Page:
1766. The Gyro Dynamic Motion Simulator


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R L Marshner: 1766. The Gyro Dynamic Motion Simulator. 1987.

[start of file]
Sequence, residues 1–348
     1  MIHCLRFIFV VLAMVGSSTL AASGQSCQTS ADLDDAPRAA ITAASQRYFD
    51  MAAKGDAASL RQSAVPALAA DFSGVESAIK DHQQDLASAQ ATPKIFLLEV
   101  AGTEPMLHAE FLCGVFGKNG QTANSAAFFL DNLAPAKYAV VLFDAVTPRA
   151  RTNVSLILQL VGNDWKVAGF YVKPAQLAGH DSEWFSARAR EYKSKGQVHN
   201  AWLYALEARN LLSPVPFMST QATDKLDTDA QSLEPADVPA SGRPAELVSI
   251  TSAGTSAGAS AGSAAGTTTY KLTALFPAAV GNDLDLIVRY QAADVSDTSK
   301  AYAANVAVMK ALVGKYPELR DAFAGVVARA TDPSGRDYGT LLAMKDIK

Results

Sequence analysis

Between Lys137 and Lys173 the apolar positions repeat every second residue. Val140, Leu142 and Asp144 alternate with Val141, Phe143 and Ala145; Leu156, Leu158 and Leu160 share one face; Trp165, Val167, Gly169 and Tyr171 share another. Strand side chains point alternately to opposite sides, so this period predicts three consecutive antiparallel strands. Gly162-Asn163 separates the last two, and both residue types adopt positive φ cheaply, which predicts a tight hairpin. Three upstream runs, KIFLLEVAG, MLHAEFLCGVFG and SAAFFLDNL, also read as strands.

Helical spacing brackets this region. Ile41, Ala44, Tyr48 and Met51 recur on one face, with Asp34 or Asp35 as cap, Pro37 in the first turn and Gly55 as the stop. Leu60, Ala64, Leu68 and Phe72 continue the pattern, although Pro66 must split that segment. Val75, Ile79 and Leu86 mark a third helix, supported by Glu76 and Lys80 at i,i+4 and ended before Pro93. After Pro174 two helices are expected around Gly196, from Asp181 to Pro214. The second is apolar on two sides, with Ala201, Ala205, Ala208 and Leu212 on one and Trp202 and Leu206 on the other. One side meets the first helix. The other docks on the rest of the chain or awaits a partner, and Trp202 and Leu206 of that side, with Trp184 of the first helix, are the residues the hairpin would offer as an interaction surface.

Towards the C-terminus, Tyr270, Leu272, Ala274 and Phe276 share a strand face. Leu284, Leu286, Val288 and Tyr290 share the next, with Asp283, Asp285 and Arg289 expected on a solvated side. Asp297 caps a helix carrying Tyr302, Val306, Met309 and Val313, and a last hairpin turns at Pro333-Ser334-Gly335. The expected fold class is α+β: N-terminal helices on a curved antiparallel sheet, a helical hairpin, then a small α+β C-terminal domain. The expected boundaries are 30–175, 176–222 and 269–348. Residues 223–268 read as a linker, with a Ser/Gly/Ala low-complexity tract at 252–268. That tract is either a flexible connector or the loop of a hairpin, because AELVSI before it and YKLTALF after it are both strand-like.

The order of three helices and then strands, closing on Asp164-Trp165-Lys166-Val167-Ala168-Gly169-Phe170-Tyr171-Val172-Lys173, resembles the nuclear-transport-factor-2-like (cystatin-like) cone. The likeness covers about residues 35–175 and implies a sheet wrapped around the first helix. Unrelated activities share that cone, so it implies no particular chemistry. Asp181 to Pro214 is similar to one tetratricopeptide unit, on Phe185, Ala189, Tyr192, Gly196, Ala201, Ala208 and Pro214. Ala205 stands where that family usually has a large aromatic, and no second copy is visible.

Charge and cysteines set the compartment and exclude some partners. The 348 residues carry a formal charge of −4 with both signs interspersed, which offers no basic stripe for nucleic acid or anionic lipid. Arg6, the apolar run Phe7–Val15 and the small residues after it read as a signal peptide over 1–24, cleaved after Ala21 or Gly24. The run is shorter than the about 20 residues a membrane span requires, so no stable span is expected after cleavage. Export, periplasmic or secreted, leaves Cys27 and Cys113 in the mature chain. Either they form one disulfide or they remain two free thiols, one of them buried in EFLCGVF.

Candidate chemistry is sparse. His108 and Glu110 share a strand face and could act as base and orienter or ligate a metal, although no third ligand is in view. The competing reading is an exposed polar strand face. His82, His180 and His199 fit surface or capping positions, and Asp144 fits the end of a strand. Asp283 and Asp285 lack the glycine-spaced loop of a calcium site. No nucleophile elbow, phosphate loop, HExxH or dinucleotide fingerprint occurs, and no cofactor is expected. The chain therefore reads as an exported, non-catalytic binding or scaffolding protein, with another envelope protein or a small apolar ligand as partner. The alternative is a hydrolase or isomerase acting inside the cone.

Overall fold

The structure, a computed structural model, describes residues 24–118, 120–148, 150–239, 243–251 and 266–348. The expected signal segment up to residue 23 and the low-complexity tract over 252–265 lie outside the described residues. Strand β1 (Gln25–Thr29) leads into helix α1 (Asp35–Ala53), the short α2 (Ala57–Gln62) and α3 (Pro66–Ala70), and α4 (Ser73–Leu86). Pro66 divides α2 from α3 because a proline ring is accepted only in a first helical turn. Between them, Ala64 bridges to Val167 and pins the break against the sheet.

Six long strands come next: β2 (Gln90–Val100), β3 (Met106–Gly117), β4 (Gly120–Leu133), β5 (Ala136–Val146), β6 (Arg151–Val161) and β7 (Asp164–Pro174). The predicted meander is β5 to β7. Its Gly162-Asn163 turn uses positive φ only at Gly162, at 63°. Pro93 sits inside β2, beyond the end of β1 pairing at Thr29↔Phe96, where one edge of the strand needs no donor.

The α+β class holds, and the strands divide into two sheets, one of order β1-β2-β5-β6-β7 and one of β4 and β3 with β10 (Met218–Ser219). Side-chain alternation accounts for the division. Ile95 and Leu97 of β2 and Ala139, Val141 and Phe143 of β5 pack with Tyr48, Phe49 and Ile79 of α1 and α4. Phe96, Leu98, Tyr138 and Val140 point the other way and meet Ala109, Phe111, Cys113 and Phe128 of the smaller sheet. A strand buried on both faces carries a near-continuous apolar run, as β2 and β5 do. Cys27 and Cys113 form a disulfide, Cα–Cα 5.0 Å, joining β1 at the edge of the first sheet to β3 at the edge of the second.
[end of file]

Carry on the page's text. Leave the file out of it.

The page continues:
The GyroDynamic Motion Simulator (GDMS) is a facility that allows an inertially spinning system to move freely under the influence of internally generated moments. This is done by supporting the system on a zero friction gas bearing of hemispherical shape, and providing means to adjust the center of mass of the spinning system to coincide with the center of the gas bearing. The facility must be used under hard vacuum conditions to eliminate aerodynamic drag effects. Internal moments may be generated if a spin stabilized satellite system is non-rigid; for instance, if it includes active on-board personnel or partially filled containers of liquid. In the case of non-manned spin stabilized spacecraft, the internal moments generated by the ‘sloshing’ effect of fluid masses within the spacecraft cause a degradation in the stability. That is, they induce gyroscopic effects (precession and nutation) that can, in theory, eventually threaten the mission of the spacecraft. Since the energy contained by these disturbing motions is derived from the rotational energy of the spinning system, the spin rate of the spacecraft is slowed as the destabilizing energy increases. If the internal disturbances are continual, the result can be a slow but steady loss of spin rate and transfer of spin energy to unstable motions. Since a ‘sloshing’ fluid can easily dissipate energy by thermal changes in the fluid, it’s theoretically possible for the spacecraft to continually lose rpm as the spinning fluid mass tries to dampen the gyrations of the spacecraft. Loss of spin rate itself induces more degradation in stability, so over a long term the process can become catastrophic. The irony in this is that the principal cause of ‘slosh’ degradation is due to the liquid fuel carried for the maintenance of stability (needed to overcome the external influences). Spacecraft designers therefore need to know how much extra stabilization fuel must be carried to account for the destabilizing influence of the fuel itself.


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